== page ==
The key to comfortable riding in cold weather is to dress properly for it. Generally you want to start out being a little cold before you start riding. As your muscles warm up, so will the rest of your body. In the end, you’ll probably end up having to take clothes off, which leads us to our first tip – layering.
The whole idea of layering is to trap heat in between the different layers of clothing. As you start to get hot, you can remove the outside layer.
With layering, you want a good moisture-wicking layer next to your skin. There are many different types of clothes just made for cyclists out of lightweight, performance-based polyester-based fabrics. These fabrics transfer moisture from your skin through the fabric and up to the next layer. By keeping your skin dry, you prevent heat loss through evaporation.
For the next layer, you want to wear clothing that has thermal characteristics, usually made from a polyester also. Not only will it retain heat, but also allow the transfer of moisture through it and to your outer layer.
For the outer layer, you want something that not only holds the warmth in but also keep the cold air and wind out. Usually nylon is the best fabric for this purpose.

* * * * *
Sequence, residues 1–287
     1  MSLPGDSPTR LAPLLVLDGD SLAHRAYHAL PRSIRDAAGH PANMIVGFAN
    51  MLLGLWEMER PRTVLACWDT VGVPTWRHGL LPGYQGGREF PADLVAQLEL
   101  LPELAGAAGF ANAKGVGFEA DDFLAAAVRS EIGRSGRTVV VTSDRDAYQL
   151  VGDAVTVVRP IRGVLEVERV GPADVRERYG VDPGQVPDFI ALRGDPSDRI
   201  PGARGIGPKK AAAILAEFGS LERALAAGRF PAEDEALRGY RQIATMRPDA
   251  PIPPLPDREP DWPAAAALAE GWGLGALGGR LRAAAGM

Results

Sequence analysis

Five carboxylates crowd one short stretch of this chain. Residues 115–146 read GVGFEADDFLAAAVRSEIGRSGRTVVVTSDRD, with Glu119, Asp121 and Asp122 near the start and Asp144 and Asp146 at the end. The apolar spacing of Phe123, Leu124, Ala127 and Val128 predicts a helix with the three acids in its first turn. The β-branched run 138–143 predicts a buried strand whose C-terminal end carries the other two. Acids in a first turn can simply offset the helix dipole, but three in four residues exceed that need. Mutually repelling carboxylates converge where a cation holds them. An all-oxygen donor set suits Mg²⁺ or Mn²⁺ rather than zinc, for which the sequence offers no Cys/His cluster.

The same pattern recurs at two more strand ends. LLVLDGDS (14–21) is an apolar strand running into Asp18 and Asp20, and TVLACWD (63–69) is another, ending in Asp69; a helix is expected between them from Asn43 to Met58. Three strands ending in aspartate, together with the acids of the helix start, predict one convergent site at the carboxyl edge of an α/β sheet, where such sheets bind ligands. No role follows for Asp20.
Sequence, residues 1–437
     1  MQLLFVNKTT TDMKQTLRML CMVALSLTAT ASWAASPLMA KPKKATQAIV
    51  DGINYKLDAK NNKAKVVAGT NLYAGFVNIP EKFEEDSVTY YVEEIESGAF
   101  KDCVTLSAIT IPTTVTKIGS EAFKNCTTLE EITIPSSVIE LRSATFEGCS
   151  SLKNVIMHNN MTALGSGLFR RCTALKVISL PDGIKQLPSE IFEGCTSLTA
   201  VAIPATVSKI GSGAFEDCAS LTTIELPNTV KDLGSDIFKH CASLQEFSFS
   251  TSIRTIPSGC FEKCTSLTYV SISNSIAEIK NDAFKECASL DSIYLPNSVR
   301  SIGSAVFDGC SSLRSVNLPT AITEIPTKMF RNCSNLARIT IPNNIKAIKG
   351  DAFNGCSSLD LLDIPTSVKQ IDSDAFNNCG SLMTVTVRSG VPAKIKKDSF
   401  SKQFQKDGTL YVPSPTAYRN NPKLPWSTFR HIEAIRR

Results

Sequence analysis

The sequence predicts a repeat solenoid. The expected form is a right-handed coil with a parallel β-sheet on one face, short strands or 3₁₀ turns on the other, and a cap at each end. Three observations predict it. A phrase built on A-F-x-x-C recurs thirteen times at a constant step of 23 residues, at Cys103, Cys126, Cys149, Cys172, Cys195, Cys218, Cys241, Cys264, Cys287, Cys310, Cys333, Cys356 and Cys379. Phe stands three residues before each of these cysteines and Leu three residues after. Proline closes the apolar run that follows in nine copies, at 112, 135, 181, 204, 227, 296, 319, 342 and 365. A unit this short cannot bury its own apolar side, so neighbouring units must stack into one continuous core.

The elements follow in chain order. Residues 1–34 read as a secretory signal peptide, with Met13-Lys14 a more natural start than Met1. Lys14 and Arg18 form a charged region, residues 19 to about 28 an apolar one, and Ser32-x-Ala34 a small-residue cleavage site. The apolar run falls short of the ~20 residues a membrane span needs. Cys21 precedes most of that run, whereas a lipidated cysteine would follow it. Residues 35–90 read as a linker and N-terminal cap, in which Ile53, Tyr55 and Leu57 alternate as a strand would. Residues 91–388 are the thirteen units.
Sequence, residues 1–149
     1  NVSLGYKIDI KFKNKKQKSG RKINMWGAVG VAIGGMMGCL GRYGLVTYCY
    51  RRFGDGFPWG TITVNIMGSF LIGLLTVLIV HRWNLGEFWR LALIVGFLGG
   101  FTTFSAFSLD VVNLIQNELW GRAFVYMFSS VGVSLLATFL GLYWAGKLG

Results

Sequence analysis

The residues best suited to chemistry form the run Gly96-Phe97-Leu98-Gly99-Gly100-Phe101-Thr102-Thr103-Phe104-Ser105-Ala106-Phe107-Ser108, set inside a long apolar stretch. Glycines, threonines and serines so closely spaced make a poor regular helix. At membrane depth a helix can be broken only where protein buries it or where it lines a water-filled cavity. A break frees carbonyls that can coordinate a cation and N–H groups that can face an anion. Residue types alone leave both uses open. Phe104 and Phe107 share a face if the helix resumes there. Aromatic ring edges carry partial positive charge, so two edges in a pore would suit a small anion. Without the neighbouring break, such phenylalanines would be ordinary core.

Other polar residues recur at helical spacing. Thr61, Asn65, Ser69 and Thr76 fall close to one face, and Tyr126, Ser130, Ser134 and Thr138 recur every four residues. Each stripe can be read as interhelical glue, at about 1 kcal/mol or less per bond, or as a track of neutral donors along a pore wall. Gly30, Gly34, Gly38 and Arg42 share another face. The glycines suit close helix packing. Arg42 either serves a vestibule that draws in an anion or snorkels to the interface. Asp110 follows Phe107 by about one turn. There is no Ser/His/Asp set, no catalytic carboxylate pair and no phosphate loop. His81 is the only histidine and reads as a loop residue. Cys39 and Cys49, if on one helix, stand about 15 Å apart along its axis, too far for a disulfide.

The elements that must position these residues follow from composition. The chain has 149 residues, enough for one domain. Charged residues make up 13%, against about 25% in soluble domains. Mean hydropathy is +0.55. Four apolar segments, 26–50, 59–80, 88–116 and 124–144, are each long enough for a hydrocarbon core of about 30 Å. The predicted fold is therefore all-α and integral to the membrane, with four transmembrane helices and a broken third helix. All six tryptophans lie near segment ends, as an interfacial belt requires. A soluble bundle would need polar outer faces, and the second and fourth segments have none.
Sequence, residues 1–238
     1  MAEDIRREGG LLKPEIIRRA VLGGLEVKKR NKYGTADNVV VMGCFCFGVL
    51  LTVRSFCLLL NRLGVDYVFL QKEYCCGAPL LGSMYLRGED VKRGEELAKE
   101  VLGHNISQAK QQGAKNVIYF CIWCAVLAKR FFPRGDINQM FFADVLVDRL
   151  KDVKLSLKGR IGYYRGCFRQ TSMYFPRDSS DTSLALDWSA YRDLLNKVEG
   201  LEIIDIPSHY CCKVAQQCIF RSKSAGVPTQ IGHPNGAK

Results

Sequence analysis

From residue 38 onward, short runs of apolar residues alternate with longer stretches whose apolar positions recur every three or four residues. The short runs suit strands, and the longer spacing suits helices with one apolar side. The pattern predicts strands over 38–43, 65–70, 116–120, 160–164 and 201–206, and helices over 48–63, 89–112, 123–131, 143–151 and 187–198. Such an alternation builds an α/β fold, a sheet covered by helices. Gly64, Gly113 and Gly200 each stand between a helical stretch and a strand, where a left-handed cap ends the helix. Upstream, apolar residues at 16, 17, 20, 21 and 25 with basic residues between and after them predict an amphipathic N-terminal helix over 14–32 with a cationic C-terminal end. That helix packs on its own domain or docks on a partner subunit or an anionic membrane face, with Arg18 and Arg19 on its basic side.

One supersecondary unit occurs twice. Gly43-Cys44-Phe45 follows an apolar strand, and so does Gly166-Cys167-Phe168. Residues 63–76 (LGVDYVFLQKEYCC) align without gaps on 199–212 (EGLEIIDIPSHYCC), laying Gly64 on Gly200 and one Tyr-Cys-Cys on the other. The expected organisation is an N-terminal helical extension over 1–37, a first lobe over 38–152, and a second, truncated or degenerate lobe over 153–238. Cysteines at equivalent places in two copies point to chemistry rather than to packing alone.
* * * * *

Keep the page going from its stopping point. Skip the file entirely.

Protecting Your Head
Tip, number 2 – you can lose up to 30% of your body heat through your head. A good cycling cap with ear flaps will protect both your head and ears. In extreme cold weather, you will want to wear a balaclava which is a full hood that will keep your face and neck warm.
Riding in cold weather can make your eyes water, so wear a good pair of wrap-around cycling glasses. And finally, don’t forget about your extremities.
Protecting the Hands and Feet
Tip number 3 – wear a good pair of either full-fingered cycling gloves or even cycling mitts if the weather is really cold. Without protection, you run the risk of getting frostbite. As far as protecting your feet, start out with a good pair of thermal socks made from a moisture-wicking material. Then put on your cycling shoes and cover them with cycling booties. If your feet get hot, take off the booties and replace them with toe covers. This will let some of the heat dissipate to keep your feet warm, but not hot.
Cycling in extreme temperatures, either hot or cold, can still be enjoyable. The trick is knowing how to dress properly for the weather conditions so you can stay warm, but not get overheated or wet with sweat. If so, then you will get really cold when you stop riding.